Here Comes the Sun

Here Comes the Sun: The Tradition and Practice of Surya Namaskar

That most familiar of asana sequences, Surya Namaskar (Sun Salutation) is as rich in symbolic and mythic overtones as it is in physical benefits.

In many cultures, light has long been a symbol of consciousness and self-illumination. "The world begins with the coming of light," wrote Jungian analyst Erich Neumann in The Origins and History of Consciousness. "Opposition between light and darkness has informed the spiritual world of all peoples and moulded it into shape."

Our primary source of light is, of course, the sun. When we look at our closest star, we may see nothing more than a big yellow ball. But for thousands of years, the Hindus have revered the sun, which they call Surya, as both the physical and spiritual heart of our world and the creator of all life itself. That's why one of Surya's many other appellations is Savitri (the who, according to the Rig Veda, "begets and feeds mankind in various manners".

Moreover, since everything that exists originates from the sun, as Alain Danizlou wrote in The Myths and Gods of India, it "must contain the potentiality of all that is to be known." For the Hindus, the sun is the "eye of the world", seeing and uniting all selves in itself, an image of and a pathway to the divine.

The Sun Salutations are the most basic building block of the yoga asana practice. When taken as part of a daily practice, the Sun Salutations awaken the fire of purification deep within the inner body.

The internal fire is key to detoxifying the body and cleansing impurities through daily yoga practice. Once the body is fully cleansed the mind becomes sharp, focused and balanced.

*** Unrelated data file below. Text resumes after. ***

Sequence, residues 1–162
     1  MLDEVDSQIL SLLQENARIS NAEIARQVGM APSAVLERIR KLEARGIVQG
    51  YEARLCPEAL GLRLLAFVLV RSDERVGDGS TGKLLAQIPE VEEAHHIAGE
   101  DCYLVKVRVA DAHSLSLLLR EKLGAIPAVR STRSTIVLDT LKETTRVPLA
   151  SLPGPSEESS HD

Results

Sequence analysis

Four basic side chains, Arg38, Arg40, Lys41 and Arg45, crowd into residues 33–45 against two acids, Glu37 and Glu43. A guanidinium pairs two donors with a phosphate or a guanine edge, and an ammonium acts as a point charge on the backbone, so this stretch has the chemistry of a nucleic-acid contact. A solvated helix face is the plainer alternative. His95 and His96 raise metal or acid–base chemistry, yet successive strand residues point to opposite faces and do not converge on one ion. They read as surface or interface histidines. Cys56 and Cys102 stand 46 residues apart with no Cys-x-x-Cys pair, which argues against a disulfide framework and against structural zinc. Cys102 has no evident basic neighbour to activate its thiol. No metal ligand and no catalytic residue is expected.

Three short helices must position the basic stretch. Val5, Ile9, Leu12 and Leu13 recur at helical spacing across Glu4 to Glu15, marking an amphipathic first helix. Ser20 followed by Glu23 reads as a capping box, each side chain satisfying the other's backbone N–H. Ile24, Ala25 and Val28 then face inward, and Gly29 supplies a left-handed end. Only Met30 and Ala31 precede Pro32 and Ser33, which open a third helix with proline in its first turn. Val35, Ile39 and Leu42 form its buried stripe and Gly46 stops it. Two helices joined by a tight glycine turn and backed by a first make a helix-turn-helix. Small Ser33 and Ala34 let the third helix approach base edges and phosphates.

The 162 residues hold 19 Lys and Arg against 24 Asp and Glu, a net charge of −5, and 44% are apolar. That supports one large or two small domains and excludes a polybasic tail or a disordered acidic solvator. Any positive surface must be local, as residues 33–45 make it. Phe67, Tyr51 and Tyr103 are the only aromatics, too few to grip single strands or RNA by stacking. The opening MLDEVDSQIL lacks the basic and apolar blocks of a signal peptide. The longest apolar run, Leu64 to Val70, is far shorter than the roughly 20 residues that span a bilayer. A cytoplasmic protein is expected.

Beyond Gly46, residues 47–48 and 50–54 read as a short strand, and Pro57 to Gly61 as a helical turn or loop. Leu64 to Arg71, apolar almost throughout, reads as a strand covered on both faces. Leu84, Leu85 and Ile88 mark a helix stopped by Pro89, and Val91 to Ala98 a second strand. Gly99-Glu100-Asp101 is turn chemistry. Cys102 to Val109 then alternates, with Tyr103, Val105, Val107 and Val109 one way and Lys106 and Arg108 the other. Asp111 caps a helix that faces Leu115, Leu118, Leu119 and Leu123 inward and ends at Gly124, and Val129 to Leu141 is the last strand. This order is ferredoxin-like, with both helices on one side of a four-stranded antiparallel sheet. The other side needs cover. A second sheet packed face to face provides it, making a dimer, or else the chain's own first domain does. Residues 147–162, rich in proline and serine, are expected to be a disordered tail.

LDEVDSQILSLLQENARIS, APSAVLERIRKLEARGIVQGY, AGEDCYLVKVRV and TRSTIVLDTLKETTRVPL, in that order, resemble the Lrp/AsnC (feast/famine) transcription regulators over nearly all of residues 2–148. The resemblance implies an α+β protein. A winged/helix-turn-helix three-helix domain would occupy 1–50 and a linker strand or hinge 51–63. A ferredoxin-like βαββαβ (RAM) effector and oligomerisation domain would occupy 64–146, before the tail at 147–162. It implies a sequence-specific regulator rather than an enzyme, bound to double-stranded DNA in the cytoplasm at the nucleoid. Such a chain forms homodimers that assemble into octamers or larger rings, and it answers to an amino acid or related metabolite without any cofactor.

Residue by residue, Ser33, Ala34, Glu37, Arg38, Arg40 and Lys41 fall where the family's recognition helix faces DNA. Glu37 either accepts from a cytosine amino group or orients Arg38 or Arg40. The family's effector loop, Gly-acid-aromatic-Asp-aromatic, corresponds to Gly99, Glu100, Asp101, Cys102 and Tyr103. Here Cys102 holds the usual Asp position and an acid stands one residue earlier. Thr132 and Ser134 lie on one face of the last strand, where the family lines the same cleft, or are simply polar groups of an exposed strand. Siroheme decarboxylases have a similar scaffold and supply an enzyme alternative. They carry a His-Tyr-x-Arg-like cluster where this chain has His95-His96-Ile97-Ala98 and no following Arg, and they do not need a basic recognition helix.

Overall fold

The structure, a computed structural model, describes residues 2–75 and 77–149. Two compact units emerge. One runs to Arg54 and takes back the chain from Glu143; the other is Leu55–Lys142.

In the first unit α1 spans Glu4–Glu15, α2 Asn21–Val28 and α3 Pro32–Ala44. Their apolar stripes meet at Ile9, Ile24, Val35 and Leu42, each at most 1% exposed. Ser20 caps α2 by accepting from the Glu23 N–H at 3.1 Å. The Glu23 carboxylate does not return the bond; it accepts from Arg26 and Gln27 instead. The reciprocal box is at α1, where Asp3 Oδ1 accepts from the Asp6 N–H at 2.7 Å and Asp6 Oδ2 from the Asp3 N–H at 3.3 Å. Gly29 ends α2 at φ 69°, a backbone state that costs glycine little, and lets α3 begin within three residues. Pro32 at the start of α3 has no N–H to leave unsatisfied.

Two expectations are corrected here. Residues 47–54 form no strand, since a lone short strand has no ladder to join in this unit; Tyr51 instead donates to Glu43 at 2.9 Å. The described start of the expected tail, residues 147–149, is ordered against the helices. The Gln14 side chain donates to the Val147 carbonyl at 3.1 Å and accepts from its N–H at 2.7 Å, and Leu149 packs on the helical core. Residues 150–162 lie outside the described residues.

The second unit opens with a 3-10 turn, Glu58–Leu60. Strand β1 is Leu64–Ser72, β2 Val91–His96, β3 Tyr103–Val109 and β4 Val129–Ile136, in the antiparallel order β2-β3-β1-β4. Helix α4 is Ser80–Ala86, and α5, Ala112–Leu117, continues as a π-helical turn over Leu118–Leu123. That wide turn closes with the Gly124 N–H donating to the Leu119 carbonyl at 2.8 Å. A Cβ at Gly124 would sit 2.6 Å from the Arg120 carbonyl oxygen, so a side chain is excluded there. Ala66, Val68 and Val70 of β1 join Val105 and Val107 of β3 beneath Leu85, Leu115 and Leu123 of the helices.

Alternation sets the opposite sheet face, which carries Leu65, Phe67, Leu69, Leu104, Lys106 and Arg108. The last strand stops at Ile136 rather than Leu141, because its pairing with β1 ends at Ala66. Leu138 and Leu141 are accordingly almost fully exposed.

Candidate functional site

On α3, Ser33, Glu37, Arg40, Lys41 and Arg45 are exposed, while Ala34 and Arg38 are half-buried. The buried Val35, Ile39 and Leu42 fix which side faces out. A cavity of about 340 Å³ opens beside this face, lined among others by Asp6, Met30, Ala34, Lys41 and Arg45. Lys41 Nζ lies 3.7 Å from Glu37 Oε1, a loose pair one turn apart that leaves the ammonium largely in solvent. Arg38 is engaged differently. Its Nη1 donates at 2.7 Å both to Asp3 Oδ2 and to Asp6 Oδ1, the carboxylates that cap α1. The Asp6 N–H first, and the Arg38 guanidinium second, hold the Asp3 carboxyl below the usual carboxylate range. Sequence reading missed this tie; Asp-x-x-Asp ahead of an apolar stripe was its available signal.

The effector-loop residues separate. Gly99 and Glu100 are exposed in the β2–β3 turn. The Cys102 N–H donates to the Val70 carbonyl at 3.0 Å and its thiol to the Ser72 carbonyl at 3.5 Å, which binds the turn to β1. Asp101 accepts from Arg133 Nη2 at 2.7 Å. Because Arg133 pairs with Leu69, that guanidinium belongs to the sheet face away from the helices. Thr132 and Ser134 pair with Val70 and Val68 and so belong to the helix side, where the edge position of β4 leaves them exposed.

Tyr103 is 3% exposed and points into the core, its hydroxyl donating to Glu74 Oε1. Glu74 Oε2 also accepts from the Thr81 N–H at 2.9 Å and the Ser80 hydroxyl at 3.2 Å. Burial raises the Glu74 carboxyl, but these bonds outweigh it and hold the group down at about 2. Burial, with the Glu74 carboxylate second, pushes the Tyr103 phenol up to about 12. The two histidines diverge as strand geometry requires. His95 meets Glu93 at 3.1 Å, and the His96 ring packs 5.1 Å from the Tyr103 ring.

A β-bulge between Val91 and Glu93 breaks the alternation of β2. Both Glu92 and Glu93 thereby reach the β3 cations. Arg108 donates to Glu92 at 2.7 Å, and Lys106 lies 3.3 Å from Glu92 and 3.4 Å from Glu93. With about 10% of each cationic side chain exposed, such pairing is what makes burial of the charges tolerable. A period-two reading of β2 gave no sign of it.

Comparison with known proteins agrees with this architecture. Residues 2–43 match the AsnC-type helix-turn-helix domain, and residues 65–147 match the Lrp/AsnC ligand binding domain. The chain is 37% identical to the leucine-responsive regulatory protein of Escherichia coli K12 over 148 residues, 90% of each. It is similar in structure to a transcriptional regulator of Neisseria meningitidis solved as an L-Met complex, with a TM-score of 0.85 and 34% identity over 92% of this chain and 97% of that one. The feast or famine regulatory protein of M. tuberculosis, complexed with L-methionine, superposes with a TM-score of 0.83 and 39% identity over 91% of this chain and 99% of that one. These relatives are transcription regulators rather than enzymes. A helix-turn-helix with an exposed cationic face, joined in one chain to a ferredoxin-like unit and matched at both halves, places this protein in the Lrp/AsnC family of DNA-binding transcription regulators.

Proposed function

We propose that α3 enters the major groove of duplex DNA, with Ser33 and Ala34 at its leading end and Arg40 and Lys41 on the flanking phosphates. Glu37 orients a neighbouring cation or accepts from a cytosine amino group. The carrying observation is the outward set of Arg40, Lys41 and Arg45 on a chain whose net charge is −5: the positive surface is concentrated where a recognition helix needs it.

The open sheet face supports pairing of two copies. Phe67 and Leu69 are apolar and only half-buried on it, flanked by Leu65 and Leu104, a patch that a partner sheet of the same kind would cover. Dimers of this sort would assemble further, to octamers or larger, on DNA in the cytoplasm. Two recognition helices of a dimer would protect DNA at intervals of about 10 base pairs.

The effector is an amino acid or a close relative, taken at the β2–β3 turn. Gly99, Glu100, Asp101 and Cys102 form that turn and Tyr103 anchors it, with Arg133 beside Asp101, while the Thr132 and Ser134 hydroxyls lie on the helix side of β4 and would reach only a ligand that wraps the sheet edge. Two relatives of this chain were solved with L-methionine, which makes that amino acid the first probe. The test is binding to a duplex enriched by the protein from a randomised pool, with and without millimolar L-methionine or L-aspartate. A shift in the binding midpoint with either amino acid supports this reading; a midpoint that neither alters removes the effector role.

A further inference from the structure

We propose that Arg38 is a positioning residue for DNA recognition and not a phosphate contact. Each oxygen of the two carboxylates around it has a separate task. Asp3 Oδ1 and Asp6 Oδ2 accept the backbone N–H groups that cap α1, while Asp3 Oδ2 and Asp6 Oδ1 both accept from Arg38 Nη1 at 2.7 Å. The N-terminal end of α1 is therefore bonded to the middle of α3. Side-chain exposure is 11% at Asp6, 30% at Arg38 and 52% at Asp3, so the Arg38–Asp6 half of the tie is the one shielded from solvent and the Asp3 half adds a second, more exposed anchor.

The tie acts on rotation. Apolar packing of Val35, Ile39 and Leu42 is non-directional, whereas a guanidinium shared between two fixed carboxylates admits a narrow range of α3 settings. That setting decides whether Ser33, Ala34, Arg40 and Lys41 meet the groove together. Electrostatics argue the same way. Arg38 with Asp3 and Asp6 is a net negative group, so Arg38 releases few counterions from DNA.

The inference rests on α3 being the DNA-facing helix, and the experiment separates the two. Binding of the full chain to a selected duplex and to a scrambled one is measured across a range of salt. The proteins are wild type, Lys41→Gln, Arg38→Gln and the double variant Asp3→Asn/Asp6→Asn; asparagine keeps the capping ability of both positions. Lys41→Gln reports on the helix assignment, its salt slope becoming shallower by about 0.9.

The traditional Sun Salutations are comprised of two variations that build on increasing levels of difficulty.

Sun Salutation A is simpler and is usually repeated five times. Sun Salutation B is more challenging and incorporates Utkatasnana (the awkward chair pose – mostly awkward) and Virabhadrasana (warrior) A. Usually repeated either three or five times (or as many as your body feels able to do), when practiced together, these two Sun Salutations can constitute an entire yoga asana practice.

For people who don't have a lot of time, learning Sun Salutations can be the perfect place to begin.

My experience as a teacher is that many of the core constituents of this mindful movement through asanas neglect correct alignment, and so negating the benefits, and more perilously invite injury..... To that end, I’m in the process of recording a video that demonstrates the two, with cues on alignment and ways to modify if you're new to practice.

Much love

J x